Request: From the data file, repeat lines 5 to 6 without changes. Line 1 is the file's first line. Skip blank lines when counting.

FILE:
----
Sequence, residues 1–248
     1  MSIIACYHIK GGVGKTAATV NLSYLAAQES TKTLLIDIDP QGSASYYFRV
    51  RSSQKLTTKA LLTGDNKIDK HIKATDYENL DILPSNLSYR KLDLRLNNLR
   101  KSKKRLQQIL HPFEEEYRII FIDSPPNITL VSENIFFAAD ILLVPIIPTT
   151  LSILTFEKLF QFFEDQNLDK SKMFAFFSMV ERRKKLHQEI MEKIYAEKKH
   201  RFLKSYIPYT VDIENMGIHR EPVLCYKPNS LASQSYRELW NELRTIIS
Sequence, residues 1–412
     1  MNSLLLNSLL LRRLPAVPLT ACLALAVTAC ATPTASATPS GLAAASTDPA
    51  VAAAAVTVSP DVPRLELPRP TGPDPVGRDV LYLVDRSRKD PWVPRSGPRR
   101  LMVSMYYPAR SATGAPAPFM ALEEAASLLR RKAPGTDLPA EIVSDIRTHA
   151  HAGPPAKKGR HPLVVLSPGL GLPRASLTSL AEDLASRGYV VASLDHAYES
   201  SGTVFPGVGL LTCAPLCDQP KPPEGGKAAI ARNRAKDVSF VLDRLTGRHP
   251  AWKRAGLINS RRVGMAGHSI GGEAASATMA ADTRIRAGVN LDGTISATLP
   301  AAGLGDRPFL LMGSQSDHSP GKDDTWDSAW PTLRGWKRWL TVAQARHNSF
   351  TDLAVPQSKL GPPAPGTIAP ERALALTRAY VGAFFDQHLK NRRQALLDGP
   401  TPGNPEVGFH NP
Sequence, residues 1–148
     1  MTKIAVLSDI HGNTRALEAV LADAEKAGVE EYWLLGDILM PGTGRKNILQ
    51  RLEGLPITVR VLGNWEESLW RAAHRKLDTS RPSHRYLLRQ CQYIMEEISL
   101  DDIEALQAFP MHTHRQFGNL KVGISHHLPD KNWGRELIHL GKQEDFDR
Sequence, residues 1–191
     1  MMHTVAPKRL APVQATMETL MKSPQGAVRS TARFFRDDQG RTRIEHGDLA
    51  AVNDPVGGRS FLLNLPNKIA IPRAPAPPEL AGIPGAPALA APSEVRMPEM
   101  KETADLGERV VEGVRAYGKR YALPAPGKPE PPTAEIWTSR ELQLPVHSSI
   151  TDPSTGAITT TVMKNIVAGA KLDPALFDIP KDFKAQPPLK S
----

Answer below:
   151  LSILTFEKLF QFFEDQNLDK SKMFAFFSMV ERRKKLHQEI MEKIYAEKKH
   201  RFLKSYIPYT VDIENMGIHR EPVLCYKPNS LASQSYRELW NELRTIIS